No, not the situation in the Catholic Church. And not the situation in the early solar system. The IAU committee has unveiled a brilliant plan to teach school kids that our sun now has twelve planets. Here’s a link, plus my analysis of who’s in, who’s out:
Ceres is the big underdog winner in all this mess. The goddess of agriculture lends her name to a round Texas-sized body orbiting between Mars and Jupiter. It was discovered by the Italian Giuseppe Piazzi on New Year’s Day in 1801. Originally, he named it Ceres Ferdinandea, but other nations objected to the inclusion Sicily’s King Ferdinand, so international usage for two centuries has been just plain “Ceres.”
Pluto retains its place in the planetary firmament. And former moon Charon gets a surprising promotion. (Both imaged at right.) The proposal states we officially have a double planet now. Wikipedia (link above) explains that discoverer James Christy has maneuvered an adjust ment in pronouncing the name of the ferryman boating on the mythical river Styx:
The ch of the mythological figure is pronounced as a k sound, like the ch in Christy’s name. However, Christy pronounced the ch in the moon’s name as an sh sound, after his wife Charlene (nicknamed “Char”). The sh pronunciation is now common among astronomers, in spite of the pleas of classicists.
I must say that if I ever discover a minor planet, I will name it after my wife, as there has yet to be such a celestial body with her name attached.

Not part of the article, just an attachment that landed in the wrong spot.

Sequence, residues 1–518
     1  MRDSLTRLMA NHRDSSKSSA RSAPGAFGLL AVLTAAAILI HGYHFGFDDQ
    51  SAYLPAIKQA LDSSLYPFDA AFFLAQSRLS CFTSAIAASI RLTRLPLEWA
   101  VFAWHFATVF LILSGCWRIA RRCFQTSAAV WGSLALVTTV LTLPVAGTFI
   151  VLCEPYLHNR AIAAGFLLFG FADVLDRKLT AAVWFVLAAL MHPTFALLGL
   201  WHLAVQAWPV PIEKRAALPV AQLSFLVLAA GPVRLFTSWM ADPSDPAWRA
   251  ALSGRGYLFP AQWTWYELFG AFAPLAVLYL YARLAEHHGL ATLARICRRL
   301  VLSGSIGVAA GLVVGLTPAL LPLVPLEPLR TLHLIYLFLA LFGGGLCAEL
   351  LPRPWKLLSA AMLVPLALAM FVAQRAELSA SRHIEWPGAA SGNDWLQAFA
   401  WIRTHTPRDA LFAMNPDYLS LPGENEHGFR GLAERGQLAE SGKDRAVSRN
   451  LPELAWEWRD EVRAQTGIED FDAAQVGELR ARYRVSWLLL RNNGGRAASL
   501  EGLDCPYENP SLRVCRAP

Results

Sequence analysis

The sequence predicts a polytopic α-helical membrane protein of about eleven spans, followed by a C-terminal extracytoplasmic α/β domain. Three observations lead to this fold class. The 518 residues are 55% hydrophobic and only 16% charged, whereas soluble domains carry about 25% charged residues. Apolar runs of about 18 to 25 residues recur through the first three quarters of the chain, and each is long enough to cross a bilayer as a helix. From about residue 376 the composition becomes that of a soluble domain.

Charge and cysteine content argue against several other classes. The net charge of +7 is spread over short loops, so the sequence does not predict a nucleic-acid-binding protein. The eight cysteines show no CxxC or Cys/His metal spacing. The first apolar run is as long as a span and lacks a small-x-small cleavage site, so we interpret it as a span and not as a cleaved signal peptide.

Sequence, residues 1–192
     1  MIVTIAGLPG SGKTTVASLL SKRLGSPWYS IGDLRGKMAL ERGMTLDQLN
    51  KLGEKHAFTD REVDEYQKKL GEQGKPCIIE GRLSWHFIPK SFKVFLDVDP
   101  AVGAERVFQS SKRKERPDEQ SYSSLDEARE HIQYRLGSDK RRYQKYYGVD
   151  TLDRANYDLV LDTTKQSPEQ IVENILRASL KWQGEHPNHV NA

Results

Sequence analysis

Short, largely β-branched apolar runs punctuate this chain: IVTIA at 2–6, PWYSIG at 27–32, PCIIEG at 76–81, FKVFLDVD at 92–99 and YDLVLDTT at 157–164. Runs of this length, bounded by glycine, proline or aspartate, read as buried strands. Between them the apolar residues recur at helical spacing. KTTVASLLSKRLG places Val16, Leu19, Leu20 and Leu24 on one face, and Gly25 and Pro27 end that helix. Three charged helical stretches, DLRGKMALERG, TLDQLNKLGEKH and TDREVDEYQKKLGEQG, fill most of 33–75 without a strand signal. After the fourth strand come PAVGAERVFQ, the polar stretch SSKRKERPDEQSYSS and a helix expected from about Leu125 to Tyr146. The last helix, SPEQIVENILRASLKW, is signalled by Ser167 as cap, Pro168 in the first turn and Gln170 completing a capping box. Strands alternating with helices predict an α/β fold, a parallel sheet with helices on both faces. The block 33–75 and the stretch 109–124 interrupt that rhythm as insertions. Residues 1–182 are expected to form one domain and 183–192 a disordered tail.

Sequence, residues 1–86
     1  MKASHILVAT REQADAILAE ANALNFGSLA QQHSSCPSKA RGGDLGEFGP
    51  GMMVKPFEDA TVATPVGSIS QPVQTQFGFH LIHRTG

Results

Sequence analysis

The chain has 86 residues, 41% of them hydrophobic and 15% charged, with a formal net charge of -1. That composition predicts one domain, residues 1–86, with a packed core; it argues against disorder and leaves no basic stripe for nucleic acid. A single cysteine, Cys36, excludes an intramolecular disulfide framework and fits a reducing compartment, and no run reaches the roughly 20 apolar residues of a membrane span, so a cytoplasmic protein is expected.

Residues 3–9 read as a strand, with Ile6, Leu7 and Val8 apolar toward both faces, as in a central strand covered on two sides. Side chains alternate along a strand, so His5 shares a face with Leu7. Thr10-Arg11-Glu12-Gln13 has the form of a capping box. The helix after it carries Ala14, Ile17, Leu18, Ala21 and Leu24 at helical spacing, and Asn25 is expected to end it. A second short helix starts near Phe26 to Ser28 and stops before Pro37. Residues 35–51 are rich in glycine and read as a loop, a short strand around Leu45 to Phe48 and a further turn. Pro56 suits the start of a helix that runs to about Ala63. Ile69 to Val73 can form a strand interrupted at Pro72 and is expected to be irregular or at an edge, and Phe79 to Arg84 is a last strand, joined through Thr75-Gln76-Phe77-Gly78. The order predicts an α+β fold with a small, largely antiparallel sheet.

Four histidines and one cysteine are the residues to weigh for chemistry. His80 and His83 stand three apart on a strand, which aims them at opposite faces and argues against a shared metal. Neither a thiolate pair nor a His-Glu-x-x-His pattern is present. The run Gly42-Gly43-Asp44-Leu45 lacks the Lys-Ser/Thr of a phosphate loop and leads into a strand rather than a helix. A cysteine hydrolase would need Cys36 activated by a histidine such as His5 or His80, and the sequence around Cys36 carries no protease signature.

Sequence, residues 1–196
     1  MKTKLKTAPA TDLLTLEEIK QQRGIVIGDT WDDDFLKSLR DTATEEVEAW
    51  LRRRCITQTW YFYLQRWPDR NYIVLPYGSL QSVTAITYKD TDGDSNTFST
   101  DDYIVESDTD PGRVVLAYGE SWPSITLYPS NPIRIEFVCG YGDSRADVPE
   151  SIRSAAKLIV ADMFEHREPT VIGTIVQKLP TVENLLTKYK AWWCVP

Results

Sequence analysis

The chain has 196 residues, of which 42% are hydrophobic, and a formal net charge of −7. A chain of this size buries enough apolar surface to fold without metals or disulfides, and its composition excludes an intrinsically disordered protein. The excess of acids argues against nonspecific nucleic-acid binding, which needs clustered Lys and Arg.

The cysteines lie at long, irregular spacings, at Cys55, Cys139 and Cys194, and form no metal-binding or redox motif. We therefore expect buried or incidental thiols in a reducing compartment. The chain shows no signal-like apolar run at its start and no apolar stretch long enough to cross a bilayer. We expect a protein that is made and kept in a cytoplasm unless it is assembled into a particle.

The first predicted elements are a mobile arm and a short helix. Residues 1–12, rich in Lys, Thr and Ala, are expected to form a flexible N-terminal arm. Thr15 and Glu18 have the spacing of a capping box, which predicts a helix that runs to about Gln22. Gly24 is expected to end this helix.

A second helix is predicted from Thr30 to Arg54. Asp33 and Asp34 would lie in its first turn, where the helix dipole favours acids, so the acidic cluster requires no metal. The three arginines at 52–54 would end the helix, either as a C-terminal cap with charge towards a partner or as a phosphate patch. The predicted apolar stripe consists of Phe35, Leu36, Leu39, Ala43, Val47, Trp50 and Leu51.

Caltech crows over the discovery of the “10th” planet, temporarily designated 2003 UB 313, but nicknamed “Xena” for the moment. (And yes it has a moon nicknamed Gabrielle.) UB is bigger than Pluto, so if Pluto is retained in planetdom, it makes sense to add this one. Discoverer Mike Brown isn’t keen on the new classification of planets, despite the fame and glory it might bring him, at least according to today’s press reports. But last year, he seemed to favor planetary status for his discovery. This is what he says about the name:
The real name of the new planet is currently in limbo while committees decide its fate. For those speculating that the name will be “Lila” based on the web site name I must warn you that that is really just a sentimental dad’s early-morning-after-no-sleep naming of a web site for his (at the time) three week old daughter and one should not take it too seriously! In fact, the sentimental dad was so tired he even spelled his own daughter’s name wrong (it is “Lilah”).
If you want to know where 2003 UB 313 orbits, here it is:
I give a definite thumbs-down to Ceres (though it was briefly considered a “planet” in the early 1800’s) and to Charon (no matter how affectionately the discoverer considered his wife). I still vote with CNN’s 22% and favor demoting Pluto. But Lilah does have a nice ring to it.
For the record, minor planet 51599 is named “Brittany.” They even got the spelling right.